As solutions subject matter experts, experience has shown us that martech solution implementations aren’t as simple, or as straightforward, as installing software on your PC/Mac. Planning efforts ensure that solution requirements are met. This could include anything from data source availability and configuration, app integration configuration, to the appropriate version used for odbc/jdbc drivers, SAML, TLS, JDK components. And don’t forget the planning that surrounds the limitations in performing certain configurations in a customer’s infrastructure. IT security typically balks at providing root / administrative access to their servers so alternative routes to achieve task goals need to be planned for.
Understanding the nuances of proposed martech solutions (e.g. X web app server is not supported at customer, so we must leverage the customers enterprise web server cluster, X ports are restricted so we must reconfigure port definitions from standard) always invokes configuration discussions which ultimately adds to estimate hours.
4. Implementation Support
On top of the standard project management activities like status and resource meetings, there should be the inclusion of support hours.
On average, 25% of an overall implementation effort is dedicated to technical support.
This accounts for the time utilized for operational troubleshooting, resolution / bug fix / defect hotfix application, and vendor work sessions once the solution has been implemented.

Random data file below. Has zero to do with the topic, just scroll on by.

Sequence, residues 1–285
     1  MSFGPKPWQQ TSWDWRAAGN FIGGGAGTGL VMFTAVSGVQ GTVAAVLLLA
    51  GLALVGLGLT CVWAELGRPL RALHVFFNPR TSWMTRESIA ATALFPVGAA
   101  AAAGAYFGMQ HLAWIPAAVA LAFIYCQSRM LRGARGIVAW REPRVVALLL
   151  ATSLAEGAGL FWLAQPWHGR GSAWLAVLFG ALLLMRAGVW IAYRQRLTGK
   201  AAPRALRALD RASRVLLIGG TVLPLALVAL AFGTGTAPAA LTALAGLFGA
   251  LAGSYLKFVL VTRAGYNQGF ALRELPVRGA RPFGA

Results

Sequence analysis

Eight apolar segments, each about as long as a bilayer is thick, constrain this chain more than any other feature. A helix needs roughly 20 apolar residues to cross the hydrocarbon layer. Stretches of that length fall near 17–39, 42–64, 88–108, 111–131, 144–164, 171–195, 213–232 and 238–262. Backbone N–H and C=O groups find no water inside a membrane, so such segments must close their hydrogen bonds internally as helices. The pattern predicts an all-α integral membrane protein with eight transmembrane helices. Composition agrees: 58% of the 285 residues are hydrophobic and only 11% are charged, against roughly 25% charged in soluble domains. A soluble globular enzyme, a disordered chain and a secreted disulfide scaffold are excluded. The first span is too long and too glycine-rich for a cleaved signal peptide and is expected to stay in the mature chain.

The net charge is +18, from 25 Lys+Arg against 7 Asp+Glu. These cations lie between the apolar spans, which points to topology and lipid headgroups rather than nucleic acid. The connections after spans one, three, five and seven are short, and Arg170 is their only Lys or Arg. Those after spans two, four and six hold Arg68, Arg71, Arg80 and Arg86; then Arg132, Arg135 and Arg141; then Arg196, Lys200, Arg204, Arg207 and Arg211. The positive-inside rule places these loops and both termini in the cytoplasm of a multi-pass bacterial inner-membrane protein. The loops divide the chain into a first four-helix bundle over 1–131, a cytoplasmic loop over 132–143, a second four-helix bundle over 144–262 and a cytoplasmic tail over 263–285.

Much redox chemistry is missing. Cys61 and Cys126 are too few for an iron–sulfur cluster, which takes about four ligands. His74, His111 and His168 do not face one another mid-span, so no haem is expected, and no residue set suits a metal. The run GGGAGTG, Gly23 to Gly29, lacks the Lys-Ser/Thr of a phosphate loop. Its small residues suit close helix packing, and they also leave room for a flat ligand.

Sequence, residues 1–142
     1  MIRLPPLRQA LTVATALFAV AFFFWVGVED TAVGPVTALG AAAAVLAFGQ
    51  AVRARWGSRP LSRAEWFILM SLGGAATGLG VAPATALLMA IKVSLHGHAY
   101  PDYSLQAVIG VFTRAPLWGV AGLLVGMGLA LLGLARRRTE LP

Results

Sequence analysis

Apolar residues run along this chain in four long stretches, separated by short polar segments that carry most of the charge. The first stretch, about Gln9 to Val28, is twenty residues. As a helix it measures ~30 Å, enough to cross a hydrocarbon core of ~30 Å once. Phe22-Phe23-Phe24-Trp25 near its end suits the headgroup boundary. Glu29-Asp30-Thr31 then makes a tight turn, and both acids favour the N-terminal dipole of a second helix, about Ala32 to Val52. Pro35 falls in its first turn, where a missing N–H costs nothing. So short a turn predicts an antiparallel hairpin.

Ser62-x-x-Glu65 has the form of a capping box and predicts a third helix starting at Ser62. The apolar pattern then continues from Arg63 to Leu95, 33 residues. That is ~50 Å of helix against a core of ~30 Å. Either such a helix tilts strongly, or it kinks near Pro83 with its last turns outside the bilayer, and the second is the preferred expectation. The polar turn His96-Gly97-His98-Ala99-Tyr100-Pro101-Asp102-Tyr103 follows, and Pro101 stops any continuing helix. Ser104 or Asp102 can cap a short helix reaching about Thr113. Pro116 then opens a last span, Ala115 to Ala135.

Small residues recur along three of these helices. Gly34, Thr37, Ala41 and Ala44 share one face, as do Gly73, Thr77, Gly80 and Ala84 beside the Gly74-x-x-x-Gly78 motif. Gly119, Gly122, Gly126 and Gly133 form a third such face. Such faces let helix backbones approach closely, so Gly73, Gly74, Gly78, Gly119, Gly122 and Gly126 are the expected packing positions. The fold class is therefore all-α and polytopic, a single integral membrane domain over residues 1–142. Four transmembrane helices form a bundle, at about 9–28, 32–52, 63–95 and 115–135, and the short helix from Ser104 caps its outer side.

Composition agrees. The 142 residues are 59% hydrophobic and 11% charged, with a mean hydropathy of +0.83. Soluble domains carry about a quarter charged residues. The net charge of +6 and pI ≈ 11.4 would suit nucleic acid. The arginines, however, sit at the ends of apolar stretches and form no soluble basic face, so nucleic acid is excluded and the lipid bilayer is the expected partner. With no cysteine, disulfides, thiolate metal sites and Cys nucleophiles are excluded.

As is the nature of troubleshooting, this can be a long or short process. From experience, having this support buffer is vital to overall project success since it allows support resources to work through issues in a balanced manner while maintaining a positive mental state.
A successful martech solution implementation is the goal we strive for with each opportunity. These take accurate planning, orchestration, and coordination – all aided by our experience and learnings to develop a tailor-made repeatable process. In addition, taking into consideration a customer’s post-implementation needs is of utmost importance so that they are empowered to support themselves going forward.
At the end of the day, having a well-thought out and well-resourced implementation strategy at the outset is critical to achieving long-term sustained success, and it will maximize your overall ROI of your software purchase.